Ga. fire department starts community paramedicine program
The pilot program, started for under $100,000, will target 35 residents with chronic illness
The Atlanta Journal-Constitution
CLAYTON COUNTY, Ga. — Over the past year, Clayton County’s emergency medical services has transported the same 35 residents to the hospital 600 times for treatment for asthma, diabetes, high blood pressure and other ongoing medical conditions, a county official said.
While chronic illnesses often aren’t viewed as emergencies, many of the patients don’t have any other access of health care except hospital emergency rooms, said Landry Merkison, Clayton’s fire chief and emergency management services director.
The chronically ill — or “Frequent Fliers” as they’re known in EMS parlance — cost American communities hundreds of millions of dollars a year. In Clayton, county taxpayers have paid nearly $1.5 million getting just those three dozen folks to the emergency room.
And the problem is more widespread.
“A lot of our citizens don’t have a primary care physician or a regular doctor,” said Merkison. “Access to health care is difficult for them and a lot of times they have no other option but to call 911.”
This week, the county is launching a pilot community paramedicine program through its fire and emergency services department to counter the problem.
Clayton’s new Community Care program cost “well under $100,000” to launch, said Merkison who approached county officials with the idea about a year. Merkison’s department worked for eight months with Southern Regional and Kaiser Permanente developing the program. Kaiser provided a $48,500 grant that was used to buy and equip a vehicle. The team consists of a critical care paramedic, a behavioral health specialist, a social worker and a volunteer nurse who will go on each run.
The program is one of the few paramedicine programs in U.S. run by a fire department, according to Karen Pearson, policy analyst with the University of Southern Maine which has studied community paramedicine programs nationally and is monitoring Maine’s 12 pilot programs. Most programs are run through private ambulance services or hospitals that own ambulance companies, Pearson noted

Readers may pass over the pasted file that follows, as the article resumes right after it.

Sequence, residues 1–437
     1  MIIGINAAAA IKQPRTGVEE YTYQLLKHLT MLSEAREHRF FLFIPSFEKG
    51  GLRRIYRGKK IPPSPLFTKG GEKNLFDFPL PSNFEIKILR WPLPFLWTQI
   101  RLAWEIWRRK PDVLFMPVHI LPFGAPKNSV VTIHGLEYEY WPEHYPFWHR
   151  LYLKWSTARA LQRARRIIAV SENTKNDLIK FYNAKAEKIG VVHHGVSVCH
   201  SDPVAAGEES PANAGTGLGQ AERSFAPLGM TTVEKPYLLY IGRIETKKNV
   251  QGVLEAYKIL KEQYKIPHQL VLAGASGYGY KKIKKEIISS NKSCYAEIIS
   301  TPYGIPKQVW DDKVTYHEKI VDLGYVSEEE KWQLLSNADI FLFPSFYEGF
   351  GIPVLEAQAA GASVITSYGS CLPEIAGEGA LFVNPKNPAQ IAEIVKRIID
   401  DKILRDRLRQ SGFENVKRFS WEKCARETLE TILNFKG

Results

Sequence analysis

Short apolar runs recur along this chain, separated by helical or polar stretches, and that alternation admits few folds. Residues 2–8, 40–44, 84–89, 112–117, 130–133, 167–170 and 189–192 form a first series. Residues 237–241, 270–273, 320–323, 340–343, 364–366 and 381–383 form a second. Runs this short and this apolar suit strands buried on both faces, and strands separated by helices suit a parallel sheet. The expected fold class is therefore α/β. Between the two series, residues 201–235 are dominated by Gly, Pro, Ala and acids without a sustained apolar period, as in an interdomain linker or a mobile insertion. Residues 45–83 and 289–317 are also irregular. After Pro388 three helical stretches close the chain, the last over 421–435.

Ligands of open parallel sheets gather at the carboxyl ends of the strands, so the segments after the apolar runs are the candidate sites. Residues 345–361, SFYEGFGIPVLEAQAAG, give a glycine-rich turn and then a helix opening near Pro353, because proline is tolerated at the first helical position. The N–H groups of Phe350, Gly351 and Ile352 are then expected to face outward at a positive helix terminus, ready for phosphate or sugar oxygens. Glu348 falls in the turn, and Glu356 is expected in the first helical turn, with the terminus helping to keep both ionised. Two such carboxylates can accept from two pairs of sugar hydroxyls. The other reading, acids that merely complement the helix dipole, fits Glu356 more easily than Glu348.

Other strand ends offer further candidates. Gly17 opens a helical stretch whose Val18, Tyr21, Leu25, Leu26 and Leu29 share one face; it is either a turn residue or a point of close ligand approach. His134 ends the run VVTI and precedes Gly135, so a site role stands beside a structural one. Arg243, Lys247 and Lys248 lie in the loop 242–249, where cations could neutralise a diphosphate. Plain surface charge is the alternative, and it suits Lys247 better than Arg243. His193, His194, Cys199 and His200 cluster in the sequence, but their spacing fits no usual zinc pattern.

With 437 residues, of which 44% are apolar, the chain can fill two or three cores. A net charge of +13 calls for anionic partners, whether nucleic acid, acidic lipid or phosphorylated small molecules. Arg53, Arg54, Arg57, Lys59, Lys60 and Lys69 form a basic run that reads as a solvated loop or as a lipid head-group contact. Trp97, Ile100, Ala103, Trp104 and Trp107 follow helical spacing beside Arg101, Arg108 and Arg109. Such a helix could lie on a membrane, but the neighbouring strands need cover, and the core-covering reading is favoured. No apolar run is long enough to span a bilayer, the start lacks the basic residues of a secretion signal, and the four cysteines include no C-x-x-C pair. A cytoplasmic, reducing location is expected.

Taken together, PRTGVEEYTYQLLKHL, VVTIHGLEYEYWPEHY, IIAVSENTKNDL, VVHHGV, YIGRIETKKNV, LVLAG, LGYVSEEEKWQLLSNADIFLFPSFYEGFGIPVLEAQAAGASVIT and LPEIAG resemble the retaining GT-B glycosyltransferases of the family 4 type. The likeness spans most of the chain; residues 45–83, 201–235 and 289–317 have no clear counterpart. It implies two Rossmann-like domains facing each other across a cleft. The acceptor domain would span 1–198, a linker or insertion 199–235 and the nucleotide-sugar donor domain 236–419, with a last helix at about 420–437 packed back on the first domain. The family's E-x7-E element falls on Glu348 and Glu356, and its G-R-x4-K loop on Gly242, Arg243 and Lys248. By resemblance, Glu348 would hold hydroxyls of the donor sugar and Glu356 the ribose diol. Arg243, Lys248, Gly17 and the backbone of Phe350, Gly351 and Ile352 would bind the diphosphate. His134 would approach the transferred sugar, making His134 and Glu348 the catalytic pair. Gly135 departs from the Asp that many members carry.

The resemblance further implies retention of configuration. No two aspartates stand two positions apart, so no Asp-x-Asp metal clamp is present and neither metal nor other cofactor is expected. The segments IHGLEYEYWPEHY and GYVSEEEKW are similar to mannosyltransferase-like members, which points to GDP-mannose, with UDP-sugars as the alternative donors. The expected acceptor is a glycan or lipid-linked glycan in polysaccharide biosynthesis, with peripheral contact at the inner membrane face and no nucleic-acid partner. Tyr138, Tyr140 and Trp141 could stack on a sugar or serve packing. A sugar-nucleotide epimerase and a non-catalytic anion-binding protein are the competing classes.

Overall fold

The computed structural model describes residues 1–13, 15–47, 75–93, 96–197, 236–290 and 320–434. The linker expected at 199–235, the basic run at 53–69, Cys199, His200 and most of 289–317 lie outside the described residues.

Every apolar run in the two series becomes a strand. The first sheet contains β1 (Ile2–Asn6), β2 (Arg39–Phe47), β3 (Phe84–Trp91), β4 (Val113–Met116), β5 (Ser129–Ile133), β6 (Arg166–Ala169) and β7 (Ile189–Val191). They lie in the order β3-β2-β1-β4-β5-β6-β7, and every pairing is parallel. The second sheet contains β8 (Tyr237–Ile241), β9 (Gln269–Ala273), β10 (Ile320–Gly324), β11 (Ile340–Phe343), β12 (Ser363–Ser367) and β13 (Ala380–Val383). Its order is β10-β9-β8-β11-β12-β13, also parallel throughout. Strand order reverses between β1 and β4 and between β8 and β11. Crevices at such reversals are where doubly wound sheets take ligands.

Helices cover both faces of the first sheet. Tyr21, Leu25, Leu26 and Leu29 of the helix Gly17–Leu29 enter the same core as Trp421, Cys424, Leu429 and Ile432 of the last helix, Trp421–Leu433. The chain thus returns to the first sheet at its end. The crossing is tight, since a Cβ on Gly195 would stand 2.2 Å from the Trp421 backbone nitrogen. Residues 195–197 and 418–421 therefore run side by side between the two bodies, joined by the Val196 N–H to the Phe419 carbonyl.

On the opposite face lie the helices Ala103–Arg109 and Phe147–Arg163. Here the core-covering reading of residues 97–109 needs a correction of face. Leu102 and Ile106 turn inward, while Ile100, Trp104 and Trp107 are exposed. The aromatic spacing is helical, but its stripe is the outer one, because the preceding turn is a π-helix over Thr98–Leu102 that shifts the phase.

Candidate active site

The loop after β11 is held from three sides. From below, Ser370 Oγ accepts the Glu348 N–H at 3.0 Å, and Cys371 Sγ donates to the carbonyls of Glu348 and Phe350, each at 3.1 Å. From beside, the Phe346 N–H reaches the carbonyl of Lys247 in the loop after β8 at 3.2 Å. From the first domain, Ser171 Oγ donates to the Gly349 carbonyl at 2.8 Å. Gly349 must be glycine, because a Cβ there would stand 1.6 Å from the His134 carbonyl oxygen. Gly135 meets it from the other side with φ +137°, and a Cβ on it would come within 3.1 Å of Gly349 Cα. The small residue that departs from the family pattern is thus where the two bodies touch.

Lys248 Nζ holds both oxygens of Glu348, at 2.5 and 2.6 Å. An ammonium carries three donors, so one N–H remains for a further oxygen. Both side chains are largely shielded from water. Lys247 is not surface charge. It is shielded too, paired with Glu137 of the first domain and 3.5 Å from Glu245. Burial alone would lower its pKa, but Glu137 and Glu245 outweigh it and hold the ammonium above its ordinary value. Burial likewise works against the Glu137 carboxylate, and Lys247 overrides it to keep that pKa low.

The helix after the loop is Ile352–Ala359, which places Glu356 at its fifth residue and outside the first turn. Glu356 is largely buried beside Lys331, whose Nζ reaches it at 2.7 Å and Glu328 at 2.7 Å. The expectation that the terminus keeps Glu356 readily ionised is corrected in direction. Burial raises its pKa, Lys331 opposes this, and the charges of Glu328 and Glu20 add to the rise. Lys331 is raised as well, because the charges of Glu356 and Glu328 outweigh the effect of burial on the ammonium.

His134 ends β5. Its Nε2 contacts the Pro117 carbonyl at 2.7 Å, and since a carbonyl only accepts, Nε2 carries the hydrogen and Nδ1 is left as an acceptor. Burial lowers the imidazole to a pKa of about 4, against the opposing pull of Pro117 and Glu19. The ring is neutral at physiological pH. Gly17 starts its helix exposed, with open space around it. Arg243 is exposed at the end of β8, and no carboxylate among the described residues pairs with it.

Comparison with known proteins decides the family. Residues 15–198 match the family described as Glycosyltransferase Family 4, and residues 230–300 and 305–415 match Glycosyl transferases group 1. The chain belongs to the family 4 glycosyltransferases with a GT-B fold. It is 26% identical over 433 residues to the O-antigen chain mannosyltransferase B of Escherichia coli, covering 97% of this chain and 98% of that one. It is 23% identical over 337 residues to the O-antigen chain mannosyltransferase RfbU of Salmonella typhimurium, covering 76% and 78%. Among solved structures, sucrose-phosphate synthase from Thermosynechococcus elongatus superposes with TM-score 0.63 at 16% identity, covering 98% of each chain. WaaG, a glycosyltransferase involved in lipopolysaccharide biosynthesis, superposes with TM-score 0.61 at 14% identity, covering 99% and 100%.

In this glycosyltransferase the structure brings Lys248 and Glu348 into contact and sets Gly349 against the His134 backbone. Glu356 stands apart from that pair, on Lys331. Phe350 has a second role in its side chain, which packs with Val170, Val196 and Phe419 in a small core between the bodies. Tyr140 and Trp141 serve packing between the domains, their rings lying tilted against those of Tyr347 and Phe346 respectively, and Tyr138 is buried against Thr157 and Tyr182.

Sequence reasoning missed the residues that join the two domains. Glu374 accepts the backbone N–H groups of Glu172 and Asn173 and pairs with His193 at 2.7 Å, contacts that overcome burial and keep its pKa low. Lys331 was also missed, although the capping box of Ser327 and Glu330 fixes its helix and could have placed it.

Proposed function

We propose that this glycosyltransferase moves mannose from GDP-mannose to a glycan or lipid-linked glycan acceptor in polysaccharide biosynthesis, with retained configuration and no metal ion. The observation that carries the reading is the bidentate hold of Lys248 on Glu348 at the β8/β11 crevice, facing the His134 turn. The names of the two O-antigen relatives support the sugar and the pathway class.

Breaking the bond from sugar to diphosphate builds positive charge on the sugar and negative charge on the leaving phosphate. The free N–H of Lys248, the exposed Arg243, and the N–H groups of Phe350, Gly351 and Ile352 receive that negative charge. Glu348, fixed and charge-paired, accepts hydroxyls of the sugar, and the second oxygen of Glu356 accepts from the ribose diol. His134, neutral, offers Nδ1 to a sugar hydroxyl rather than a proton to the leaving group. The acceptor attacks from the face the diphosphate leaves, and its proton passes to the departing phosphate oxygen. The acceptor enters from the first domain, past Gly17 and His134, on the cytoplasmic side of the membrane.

“Clayton is unusual,” Pearson said. “We have not seen many fire department-based community paramedicine programs.”
Socioeconomic changes and cuts in federal Medicare and Medicaid - the source of reimbursements for many EMS -in recent years have left Clayton, like many communities, struggling. The ER and EMS has become the go-to remedy for many of the community’s uninsured and chronically ill.
“Our goal is to reduce that dependence on the ER, ” Merkison said.
Here’s how Clayton’s program will work:
Starting Monday, the Community Care team will begin making appointments to meet with the 35 targeted residents with chronic conditions. They’ll be told about the program.the team will work with those who choose to enroll, monitoring medicines and educating them about their disease and diet.
Initially, the team will visit a patient two to three times a week to check progress and fewer times once the illness is under control.
“They will do initial assessments for each patient and help us get a good picture of what we’re dealing with and what we can manage,” Merkison said. “If they have a physician, we’ll work with the doctor to help manage their condition.”
The program would help steer those without doctors to various health care programs that would help them find health care providers.
Community paramedicine programs have been around for about 40 years but started getting the attention of state and federal agencies in the mid-1990s, Pearson said. Communities such as Canton, N.J., Abbeville, S.C., and Dallas are running successful programs. In metro Atlanta, Grady and Spalding Regional Hospital have paramedicine programs.
Spalding tested the concept last October before launching it in February. The hospital has a full-time community paramedic who visits the chronically ill weekly.
“We realized this is a situation facing a lot of hospitals, and we had a unique position where we own the EMS,” Spalding Regional spokeswoman Kathleen Smith said. “We had trained health care personnel who are out in the community who could help see if this program will help reduce the number of times a chronically patient visits the hospital as an in-patient for the same condition.
Smith estimates the program will help about 100 people over the next year.
Merkison believes helping the chronically ill get their health conditions under control will ultimately lead to an overall healthier medical delivery system in Clayton.
“I’m not saying I can fix the system in the next 12 months,” Merkison said. “But if I can prove this system works, I can save not only the county money and Southern Regional money but ultimately Medicaid and Medicare money.”
©2015 The Atlanta Journal-Constitution (Atlanta, Ga.)